Rupert Goodwins' Diary

Monday 3/5/2004There is a strong masochistic streak to Microsoft these days, one curiously familiar to followers of British culture. How else do you explain Janus, the company's choice of name for their new digital rights management package?

Monday 3/5/2004
There is a strong masochistic streak to Microsoft these days, one curiously familiar to followers of British culture. How else do you explain Janus, the company's choice of name for their new digital rights management package? Opponents to corporate DRM are roused to ire not because protecting intellectual property is wrong, but because of the duplicitous nature of those who try to extend their control beyond the norm while claiming it's all for the good of the consumer. Choosing a two-faced god as your DRM mascot in these times is like letting an unpatched Windows PC onto the Internet without a firewall.

It could be that Microsoft chose Janus because he was the god of gatekeeping and a symbol of beginnings -- January's named for him, after all -- but he was also a bi-featured bloke who protected the powerful. One of the myths of the foundation of Rome has Romulus and some rather rough pals starting up their city-state only to be a bit frustrated by a general lack of women -- well, a chap who's been brought up by wolves probably has some issues with interpersonal skills, let alone personal hygiene.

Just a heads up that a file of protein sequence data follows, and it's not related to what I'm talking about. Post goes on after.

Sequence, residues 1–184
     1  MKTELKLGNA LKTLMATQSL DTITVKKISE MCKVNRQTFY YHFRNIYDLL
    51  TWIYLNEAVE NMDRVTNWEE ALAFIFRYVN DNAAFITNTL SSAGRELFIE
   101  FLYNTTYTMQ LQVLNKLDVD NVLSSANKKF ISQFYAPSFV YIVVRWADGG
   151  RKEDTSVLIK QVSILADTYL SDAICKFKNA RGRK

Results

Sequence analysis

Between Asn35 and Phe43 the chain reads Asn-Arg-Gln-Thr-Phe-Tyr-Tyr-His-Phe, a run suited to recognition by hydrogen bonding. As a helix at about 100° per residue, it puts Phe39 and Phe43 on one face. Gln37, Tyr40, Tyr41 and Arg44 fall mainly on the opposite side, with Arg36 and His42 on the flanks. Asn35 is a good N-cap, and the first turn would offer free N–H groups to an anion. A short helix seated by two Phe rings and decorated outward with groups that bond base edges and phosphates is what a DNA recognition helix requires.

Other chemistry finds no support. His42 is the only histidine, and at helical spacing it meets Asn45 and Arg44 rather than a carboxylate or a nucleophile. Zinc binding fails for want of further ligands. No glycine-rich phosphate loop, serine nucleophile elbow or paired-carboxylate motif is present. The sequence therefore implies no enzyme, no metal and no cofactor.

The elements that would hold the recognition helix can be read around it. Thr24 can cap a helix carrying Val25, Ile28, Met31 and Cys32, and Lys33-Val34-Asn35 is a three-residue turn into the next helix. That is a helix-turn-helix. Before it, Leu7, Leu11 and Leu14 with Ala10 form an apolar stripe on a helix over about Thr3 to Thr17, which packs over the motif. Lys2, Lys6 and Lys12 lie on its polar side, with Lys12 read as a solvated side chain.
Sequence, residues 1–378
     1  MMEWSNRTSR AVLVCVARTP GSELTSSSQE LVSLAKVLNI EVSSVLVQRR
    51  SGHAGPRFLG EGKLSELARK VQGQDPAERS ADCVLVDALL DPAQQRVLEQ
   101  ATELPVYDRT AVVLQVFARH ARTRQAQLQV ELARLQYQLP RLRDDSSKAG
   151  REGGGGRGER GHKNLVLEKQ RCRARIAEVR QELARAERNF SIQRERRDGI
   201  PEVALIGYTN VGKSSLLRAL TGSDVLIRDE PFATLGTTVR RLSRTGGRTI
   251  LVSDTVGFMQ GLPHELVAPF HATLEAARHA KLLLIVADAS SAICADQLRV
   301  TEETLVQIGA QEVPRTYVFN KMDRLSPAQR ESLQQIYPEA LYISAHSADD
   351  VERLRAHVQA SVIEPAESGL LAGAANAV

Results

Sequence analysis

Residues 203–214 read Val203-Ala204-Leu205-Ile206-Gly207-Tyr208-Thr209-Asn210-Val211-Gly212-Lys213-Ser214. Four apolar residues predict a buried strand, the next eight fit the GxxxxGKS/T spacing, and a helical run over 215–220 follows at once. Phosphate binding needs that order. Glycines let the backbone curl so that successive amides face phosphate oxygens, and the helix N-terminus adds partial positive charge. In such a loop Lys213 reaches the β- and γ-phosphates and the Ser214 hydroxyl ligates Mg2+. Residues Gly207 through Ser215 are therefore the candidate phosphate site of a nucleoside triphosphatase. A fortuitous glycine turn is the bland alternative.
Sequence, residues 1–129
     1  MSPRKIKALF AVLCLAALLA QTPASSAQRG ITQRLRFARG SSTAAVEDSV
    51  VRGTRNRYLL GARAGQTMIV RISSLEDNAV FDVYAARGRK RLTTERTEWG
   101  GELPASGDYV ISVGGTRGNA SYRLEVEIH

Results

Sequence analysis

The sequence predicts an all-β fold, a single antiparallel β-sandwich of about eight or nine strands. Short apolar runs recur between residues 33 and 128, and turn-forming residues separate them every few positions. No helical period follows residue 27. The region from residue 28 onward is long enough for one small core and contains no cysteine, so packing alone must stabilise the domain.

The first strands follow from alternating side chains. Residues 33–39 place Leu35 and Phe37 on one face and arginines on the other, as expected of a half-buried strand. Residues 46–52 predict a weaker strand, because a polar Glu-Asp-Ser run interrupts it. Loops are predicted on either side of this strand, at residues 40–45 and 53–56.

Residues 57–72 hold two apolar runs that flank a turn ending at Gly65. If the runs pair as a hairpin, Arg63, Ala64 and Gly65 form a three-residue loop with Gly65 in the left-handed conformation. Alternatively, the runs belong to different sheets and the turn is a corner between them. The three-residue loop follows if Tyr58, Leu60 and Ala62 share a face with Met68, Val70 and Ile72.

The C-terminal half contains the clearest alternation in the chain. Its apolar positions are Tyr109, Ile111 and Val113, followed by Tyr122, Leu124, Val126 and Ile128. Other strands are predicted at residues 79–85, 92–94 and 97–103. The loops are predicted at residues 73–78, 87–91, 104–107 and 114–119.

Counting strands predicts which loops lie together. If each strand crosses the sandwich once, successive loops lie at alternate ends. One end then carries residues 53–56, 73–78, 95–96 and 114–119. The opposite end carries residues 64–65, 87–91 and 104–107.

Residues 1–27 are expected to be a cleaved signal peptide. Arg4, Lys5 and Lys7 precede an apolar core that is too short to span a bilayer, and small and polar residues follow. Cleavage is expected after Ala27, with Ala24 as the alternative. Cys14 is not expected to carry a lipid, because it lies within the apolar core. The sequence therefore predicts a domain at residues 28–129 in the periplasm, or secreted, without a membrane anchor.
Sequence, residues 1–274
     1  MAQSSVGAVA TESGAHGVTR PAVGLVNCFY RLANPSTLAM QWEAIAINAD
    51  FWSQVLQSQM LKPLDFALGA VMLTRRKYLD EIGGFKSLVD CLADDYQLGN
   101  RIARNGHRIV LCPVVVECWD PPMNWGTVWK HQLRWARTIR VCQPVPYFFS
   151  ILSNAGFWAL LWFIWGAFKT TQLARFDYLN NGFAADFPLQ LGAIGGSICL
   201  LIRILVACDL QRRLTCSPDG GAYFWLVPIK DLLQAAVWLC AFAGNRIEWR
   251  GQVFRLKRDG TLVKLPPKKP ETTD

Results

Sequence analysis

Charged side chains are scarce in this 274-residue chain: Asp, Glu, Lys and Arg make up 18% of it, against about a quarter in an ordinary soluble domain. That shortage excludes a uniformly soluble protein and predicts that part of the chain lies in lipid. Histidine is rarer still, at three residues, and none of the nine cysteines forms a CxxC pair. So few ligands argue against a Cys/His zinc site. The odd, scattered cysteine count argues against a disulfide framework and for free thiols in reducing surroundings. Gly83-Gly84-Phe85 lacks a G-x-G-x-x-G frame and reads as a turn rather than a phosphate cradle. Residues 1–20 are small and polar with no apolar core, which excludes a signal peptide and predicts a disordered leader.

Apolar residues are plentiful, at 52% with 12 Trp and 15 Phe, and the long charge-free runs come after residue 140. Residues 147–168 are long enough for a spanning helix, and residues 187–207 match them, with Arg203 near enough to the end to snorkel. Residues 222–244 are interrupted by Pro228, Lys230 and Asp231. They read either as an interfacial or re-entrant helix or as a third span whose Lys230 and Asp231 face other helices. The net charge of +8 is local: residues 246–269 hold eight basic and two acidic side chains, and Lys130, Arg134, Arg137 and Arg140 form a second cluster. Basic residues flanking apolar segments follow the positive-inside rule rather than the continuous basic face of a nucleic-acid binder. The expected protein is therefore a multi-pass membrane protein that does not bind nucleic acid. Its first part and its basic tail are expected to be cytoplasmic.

They decided to throw a party and invite the neighbours, the Sabines, for a bit of a bash -- doubtless saying how a few ales and goat en croute would benefit the consumer by offering more choice and convenience over dull old fish and olives. Grateful for the generosity, the Sabines turned up in their party gear and the celebrations commenced.

However, Romulus promptly abducted all the Sabine women and carried them back to the city. Unsurprisingly, the Sabine blokes were a bit put out by this and promptly stormed Rome. They were within a pilum's length of success when Janus came to the rescue -- as the aggrieved party clattered up the hill to rescue their daughters, the god unleashed a hot spring that washed them all away. Now, that's what I call effective streaming media Daughter Rights Management.

It would be unfair, obvious and cheap to compare Bill Gates to Romulus and the rights of the consumer to the Sabine virgins: if Microsoft wants to mess around with pagan gods then that's between its marketing department and the 60-odd percent of American consumers whose evangelical Christianity equates such things with hellfire and damnation. But clearly, Microsoft doesn't care about annoying people. In fact, they might be positively inviting it.

This sort of confrontational stance is increasingly popular. You give your supporters something to whoop about, while your opponents -- who were never going to agree anyway -- get so angry at your chutzpah that they can't see straight to land a punch. George W Bush is an expert at this, David Blunkett, our ID-card loving, judge-baiting, liberal-taunting home secretary, has been taking lessons. Microsoft may well have concluded that since it can't win people's hearts and minds over DRM, it might as well distract us with a symbol that has not one but two bare faces.

There is one further possible explanation: Janus is also the name of a specialist London publication for adherents to what we may primly call the English perversion -- and not so primly call corporal punishment for sexual pleasure.

Whether Microsoft's masochism runs quite that deep, I cannot tell.